Blog crosspost: Blind addendum - discussion welcome

F Paulsson

F Paulsson

euro love
From the blog:

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In the “How-to-play-blinds” posts, I mention protecting your hand by using the preflop raiser to force the rest of the table to call two bets cold, making gutshot straights unprofitable to continue with. While this is not incorrect per se, it is slightly misleading if you think that you’re only profiting if they make the mistake of calling two cold. You will be profiting just as much by making them calling two bets, one at a time (e.g. checkraising if the bettor is immediatley to your left). They will still have paid two bets to see the next street; in which order the money went into the pot does not matter whatsoever. However, and this is the point I felt I didn’t make clearly enough: You want to emphasize that they’re making a mistake - this is why you want to make it two bets cold. The reason for the emphasis is that the pot is already big enough to be worth fighting over; and you want to increase your chances of winning it. Learning how to win the big pots is a very big part of being a successful poker player.
--

Does this make sense to everyone? Discuss!

/FP
 
joosebuck

joosebuck

Legend
is this kinda like the flush semibluff you were talking about to me?

where you bet enough to get the most callers because every dollar that goes into the pot you get 55 cents of? ..you checkraise because if you bet he will probably only call your bet and if he doesnt call the checkraise then youve taken down the pot already and dont have to worry about unlucky turn/river?

just a guess..
 
joosebuck

joosebuck

Legend
"you checkraise because if you bet he will probably only call your bet"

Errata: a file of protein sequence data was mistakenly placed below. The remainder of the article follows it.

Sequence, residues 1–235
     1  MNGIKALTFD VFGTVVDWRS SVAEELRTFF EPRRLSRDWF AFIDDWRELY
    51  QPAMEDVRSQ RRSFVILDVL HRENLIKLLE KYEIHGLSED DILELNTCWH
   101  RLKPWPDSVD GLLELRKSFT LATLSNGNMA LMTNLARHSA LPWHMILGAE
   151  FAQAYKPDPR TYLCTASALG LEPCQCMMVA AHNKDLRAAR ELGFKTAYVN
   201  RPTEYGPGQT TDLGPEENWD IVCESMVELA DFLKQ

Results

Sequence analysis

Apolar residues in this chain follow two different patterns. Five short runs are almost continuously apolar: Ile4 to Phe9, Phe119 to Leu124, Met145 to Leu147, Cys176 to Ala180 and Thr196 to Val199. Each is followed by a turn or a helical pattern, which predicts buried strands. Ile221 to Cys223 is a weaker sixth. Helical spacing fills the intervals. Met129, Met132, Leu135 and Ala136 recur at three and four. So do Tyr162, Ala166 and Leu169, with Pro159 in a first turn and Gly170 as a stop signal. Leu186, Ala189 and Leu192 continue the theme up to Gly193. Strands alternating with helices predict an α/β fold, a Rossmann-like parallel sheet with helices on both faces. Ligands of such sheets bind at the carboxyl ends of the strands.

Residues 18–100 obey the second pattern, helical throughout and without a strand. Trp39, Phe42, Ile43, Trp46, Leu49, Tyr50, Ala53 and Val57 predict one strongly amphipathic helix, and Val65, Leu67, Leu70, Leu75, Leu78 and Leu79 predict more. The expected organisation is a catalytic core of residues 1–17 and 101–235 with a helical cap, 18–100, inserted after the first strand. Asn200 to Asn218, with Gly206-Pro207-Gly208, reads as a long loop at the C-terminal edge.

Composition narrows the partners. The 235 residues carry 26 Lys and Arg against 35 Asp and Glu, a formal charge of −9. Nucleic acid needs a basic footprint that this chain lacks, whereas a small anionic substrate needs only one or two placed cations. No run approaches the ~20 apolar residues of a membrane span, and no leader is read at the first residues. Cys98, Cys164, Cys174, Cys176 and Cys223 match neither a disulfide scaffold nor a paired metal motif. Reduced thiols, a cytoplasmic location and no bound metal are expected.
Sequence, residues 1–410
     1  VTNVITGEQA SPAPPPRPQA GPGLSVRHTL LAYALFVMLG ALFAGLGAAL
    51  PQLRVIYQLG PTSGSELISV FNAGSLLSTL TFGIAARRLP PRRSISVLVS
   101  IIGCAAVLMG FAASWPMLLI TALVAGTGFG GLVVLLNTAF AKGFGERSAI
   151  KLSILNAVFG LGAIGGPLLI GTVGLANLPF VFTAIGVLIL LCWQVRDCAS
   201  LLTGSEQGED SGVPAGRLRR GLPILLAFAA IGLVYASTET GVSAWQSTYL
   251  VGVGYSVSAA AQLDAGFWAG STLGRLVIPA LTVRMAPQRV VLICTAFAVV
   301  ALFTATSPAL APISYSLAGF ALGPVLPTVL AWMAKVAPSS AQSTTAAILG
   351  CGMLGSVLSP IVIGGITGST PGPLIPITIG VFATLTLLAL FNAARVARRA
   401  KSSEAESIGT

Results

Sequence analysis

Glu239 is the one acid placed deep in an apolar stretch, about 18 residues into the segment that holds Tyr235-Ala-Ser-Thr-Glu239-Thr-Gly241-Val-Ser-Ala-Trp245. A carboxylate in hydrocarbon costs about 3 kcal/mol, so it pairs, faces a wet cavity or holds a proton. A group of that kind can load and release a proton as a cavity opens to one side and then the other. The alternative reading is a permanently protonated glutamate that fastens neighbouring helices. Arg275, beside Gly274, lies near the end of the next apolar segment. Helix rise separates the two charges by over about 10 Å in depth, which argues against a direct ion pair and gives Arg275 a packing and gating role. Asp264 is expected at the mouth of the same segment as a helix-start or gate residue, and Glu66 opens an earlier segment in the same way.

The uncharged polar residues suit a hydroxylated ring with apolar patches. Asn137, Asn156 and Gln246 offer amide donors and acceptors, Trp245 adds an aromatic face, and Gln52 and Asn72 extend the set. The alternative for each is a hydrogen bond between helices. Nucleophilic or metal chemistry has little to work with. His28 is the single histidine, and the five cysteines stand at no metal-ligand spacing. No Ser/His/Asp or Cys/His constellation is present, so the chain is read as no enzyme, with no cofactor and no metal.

i mean like if you were to bet out instead of checkraise
 
F Paulsson

F Paulsson

euro love
Sorry for not getting back to this post; I've been travelling and forgot about it. :)

In order to explain where I'm going with this, I need to make a few additional statements:

1. Poker is a game of decisions. When your opponents make bad decisions, you make money.
2. Therefore, you should try to make your opponents make bad decisions.
3. Making a call with a drawing hand when the pot odds are sufficiently good is not a mistake; it's correct. Therefore, an opponent who calls with the correct odds is seemingly costing you money (as he is not making a mistake).

The keyword in statement #3 is "seemingly," and that's what my addendum was about:

Your opponent, despite getting correct odds to call, is making a mistake when he calls: He's making the mistake of thinking that you won't raise him. If he knew that you were going to raise when it gets back to you, he shouldn't have called (he might have anyway, but he won't have the odds for it).

This is a fairly advanced concept, that for some reason is usually better understood by beginners than by intermediate players; I think a lot of books actually confuse players when they talk about "protecting your hand" and "forcing your opponents out." And I even added to the confusion in the original blog post where I talked about it, which makes me one of the culprits as well. :)
 
holduplaya

holduplaya

Guest
Vacation

Paulsson, you should come to Lethbridge one day and teach me more after I do some reading. You seem to be on your way to the wsop or already have been there is it ain't in your mind it really should be because you know alot about poker. Your a Great Guy no matter what you think. :cool:
 
F Paulsson

F Paulsson

euro love
I also make a really mean Spaghetti Carbonara.

Thanks for the kind words, though. :)
 
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